I don’t bother adding parmesan cheese to bruschetta, the way a lot of people are used to eating it, but you could definitely add some in. Again, a good quality parmesan would be best since this dish is so simple, but if the refrigerated stuff is all you have, eh, you do you, boo!

Oh, and one last piece of advice: don’t skimp on the garlic! This is such a nicely fresh, crunchy, and garlicky dish, whether you serve it with a hot pasta dish in the winter, or with a cold pasta dish in the summer, or just as a snack!

Easy Classic Bruschetta

This simple dish is as classic and as comforting as Italian food gets, but thrown together in minutes.

Servings 6 people

Ingredients

  • 3 ripe tomatoes
  • 3 cloves garlic
  • 1/4 c. olive oil good quality
  • 1 tsp. dried basil
  • 1/2 tsp. dried oregano
  • 1/4 tsp. salt
  • black pepper to taste

Instructions

  1. Roughly chop tomatoes and garlic. 

  2. Toss with remaining ingredients and set aside for 15 minutes to let the flavour mingle.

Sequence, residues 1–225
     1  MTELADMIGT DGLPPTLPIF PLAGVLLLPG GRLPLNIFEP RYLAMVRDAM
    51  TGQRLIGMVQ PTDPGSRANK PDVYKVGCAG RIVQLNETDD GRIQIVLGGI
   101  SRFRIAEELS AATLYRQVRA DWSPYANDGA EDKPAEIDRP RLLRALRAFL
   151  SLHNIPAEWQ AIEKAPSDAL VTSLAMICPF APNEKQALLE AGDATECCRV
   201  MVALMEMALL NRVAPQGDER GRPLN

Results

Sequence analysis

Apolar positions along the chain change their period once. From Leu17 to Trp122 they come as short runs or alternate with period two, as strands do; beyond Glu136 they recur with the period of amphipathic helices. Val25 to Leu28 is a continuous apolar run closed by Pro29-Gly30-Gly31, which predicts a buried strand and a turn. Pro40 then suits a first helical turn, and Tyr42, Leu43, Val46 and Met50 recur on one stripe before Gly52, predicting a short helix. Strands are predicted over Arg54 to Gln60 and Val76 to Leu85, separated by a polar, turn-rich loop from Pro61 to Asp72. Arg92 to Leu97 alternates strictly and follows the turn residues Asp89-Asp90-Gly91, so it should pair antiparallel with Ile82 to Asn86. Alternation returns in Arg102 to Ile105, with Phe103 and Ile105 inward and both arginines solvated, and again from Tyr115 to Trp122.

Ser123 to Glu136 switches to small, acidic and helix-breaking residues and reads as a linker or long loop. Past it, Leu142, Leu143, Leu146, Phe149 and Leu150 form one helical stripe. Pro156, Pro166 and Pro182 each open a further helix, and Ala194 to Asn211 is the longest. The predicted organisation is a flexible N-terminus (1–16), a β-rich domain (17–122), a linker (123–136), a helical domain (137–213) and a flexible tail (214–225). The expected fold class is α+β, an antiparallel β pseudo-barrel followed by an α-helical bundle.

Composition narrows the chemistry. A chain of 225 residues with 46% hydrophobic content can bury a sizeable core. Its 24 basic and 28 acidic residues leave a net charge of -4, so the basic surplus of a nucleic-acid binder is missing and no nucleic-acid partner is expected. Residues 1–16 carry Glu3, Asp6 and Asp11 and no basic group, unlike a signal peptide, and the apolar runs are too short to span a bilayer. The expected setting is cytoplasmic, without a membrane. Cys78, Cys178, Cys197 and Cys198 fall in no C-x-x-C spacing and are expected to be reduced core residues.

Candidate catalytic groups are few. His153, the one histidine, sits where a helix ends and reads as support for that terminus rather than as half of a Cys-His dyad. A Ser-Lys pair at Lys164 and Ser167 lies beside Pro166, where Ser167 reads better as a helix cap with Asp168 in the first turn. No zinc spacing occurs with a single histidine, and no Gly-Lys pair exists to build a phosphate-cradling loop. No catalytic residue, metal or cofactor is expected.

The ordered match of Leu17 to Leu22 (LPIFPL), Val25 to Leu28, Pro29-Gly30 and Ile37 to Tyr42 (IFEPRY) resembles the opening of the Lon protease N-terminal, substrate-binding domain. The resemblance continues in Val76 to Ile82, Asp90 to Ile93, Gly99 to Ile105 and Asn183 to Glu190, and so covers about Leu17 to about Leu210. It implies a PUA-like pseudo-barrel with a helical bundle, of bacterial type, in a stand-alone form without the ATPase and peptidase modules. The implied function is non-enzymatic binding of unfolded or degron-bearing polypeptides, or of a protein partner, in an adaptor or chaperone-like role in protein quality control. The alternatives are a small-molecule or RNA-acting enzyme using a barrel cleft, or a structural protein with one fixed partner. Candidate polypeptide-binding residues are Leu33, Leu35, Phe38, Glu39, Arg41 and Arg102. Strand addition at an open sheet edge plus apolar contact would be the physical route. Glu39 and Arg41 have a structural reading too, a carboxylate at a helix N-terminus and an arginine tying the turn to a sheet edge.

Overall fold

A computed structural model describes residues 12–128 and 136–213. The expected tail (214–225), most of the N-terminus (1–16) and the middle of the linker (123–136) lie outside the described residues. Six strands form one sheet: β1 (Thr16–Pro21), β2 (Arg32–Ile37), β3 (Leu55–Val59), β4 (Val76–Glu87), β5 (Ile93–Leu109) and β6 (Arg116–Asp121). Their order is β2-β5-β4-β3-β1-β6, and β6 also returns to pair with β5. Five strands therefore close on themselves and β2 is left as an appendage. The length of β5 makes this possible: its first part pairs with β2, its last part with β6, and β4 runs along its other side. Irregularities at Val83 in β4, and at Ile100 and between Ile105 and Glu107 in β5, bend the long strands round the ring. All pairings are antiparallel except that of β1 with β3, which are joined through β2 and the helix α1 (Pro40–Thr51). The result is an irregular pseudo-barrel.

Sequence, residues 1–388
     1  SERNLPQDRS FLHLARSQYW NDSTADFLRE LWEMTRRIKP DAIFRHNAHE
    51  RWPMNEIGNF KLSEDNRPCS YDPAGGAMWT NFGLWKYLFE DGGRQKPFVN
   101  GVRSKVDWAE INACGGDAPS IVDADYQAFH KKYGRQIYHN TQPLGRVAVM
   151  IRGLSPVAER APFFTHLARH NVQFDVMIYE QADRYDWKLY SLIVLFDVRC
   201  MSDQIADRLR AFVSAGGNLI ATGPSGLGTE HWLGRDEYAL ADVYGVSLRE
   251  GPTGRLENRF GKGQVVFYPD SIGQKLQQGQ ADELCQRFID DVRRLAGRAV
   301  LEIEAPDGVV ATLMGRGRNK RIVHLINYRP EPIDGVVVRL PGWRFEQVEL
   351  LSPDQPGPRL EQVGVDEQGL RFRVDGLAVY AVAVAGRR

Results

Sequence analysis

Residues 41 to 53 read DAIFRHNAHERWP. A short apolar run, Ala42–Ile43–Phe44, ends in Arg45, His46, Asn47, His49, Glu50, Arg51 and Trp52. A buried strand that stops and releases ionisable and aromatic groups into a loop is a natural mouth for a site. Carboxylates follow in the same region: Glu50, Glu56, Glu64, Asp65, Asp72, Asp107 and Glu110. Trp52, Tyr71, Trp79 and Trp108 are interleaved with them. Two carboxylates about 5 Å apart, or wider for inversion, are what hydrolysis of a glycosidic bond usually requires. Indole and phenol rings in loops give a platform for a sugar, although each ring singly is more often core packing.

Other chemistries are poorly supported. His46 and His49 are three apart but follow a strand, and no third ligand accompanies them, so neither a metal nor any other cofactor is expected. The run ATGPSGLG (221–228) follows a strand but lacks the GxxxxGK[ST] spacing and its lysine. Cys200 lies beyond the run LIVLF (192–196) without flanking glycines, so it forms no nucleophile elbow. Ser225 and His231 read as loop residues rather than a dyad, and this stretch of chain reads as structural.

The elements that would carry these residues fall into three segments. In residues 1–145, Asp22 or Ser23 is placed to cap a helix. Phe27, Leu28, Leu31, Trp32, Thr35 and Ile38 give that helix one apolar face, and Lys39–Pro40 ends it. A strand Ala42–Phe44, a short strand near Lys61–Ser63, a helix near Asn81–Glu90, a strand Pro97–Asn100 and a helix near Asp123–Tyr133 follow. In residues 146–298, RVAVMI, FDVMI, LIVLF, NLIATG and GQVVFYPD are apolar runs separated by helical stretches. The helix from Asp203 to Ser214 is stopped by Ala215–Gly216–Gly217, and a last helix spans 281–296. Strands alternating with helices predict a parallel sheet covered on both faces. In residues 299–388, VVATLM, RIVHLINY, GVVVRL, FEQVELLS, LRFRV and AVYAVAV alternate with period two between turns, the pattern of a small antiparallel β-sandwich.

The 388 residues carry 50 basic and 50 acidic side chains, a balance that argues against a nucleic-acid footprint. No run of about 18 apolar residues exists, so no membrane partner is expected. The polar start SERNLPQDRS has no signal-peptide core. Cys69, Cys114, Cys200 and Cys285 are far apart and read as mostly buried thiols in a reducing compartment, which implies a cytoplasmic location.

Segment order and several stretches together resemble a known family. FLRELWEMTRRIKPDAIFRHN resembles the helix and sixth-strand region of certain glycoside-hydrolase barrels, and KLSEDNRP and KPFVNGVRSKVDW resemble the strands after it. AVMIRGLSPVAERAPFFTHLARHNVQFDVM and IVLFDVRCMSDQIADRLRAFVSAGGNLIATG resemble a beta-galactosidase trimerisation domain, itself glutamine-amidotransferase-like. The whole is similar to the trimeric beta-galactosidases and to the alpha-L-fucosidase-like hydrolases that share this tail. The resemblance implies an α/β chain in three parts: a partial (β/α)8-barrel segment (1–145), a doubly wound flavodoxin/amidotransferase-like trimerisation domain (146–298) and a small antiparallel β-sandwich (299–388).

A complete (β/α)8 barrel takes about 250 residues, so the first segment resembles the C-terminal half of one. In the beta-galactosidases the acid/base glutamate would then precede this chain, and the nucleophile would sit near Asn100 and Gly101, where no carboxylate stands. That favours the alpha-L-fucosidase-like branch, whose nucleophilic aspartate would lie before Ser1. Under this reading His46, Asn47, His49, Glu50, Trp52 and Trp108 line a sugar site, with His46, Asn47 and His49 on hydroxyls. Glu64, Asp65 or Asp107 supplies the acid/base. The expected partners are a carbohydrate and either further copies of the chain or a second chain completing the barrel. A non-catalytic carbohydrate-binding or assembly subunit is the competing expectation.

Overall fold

3. In the meantime, slice a baguette on the diagonal and toast in the oven until lightly brown and slightly crispy. 

  4. Just before serving, top the toasted baguette slices with the fresh tomato mixture. And chow down!

As I said in earlier in this post, I recommend using really good olive oil in this recipe, since it’s such a key ingredient. And as I wrote in the title of this post, I’m a bit of an olive oil snob. Why? Well, I have some relatives in the Middle East and they send me the really pure first press olive oil from time to time and my goodness, is there ever a difference in flavour! I tend to cook with store-bought because why not, but for a dish like bruschetta, a high end olive oil can make a big difference! To be honest though, I’m not really a foodie snob — I just like good food! And this dish is some good eatin’! If you try out the recipe, come back and post in the comments what you thought of it!